Now that we are talking about noise, we also need to look at the noise characteristics of the individual sensors in order to better understand the curves in the diagram above. If a camera was extremely noisy, in the end we would only have measured the noise and not the true signal that the sensor delivers to us. The noise characteristics of the cameras must therefore also be taken into account when making an assessment.
This graph shows the noise characteristics (SNR) as a function of the measured wavelength. A higher value means that the camera delivers a "cleaner" signal and there is less noise in the image. Again, all cameras are more or less close to each other and show a similar picture. From a wavelength of 800 nm, the results become increasingly worse and approach a limit around 1,200 nm - only noise can be observed here.
A comparison between the Fujifilm X-A3 (frontside illuminated sensor) and the X-T3 (backside illuminated sensor) shows no significant difference in signal behavior or noise characteristics. This type of sensor production therefore does not appear to have any significant influence on IR sensitivity.
If you look at both diagrams, you can see that at least in the range that is interesting for the electroluminescence of PV modules (950-1,150 nm), all cameras are very close to each other. It is difficult to recognize a difference and to make a recommendation in one direction or the other.
But let's try to pick a winner. If we look at both diagrams, the Sony A7R III comes out on top in terms of both signal behavior and noise. If we want to choose a "worst" camera, it would probably have to be the Canon EOS RP based on the available data. I would like to emphasize once again that this is only due to the combination of the measurement parameters in combination with the camera's internal signal processing - at higher ISO values, the RP would almost certainly be on a par with the other cameras (high ISO values are used for the electroluminescence measurement of photovoltaic modules in particular).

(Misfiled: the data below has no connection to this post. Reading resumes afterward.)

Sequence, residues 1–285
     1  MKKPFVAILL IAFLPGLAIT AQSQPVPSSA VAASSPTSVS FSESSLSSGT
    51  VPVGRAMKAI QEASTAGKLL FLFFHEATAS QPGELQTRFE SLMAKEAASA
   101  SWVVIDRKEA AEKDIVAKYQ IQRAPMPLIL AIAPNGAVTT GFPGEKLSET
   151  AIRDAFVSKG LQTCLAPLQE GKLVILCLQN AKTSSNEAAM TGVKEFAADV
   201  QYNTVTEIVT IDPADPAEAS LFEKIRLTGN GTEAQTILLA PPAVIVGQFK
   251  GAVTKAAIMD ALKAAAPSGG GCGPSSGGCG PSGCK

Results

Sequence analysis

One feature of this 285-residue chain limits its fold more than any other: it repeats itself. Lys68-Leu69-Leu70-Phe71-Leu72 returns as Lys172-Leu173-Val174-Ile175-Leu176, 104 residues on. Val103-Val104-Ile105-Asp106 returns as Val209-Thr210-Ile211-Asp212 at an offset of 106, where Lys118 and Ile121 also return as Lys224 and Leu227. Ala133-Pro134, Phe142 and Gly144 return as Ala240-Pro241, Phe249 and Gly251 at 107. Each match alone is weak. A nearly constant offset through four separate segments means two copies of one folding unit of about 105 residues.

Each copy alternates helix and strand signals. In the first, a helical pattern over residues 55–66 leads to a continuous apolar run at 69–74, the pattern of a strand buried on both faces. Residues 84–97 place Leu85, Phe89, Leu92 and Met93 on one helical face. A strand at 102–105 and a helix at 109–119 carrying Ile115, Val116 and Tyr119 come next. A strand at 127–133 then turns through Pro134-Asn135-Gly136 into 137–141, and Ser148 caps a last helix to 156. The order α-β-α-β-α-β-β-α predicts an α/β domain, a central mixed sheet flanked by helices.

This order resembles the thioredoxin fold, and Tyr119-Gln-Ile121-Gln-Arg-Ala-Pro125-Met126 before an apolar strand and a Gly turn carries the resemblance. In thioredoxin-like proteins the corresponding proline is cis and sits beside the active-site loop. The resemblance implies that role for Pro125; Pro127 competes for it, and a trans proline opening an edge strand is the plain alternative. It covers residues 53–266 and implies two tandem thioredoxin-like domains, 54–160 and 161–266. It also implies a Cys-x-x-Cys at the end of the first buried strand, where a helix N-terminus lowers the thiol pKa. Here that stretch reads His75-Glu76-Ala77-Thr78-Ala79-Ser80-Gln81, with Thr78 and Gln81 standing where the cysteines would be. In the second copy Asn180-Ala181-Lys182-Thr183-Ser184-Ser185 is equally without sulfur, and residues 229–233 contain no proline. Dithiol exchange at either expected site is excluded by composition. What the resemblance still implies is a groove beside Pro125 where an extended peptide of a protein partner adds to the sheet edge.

But what does this mean in practice if we look at the "winner" and "loser" side by side?
Although differences in the higher wavelengths are recognizable in both the unprocessed version and the brightened version of the test series, both cameras basically produce results that do not differ that much in practice. At the higher wavelengths, both cameras produce noise, but the light beam still remains visible.
The results of the other cameras are all somewhere in between, tending to be closer to the results of the Sony. No stacked sensors are included in this test series, and a comparison of a monochrome sensor would also be interesting. Perhaps there will be an opportunity to measure this in the future. Until then, I would like to come back full circle to my original gut feeling: "It doesn't really make much difference".
Once again, I would like to thank the company SurfLabX, especially Mr. Karpen, for providing the measurement results and for the interesting exchange about camera technology.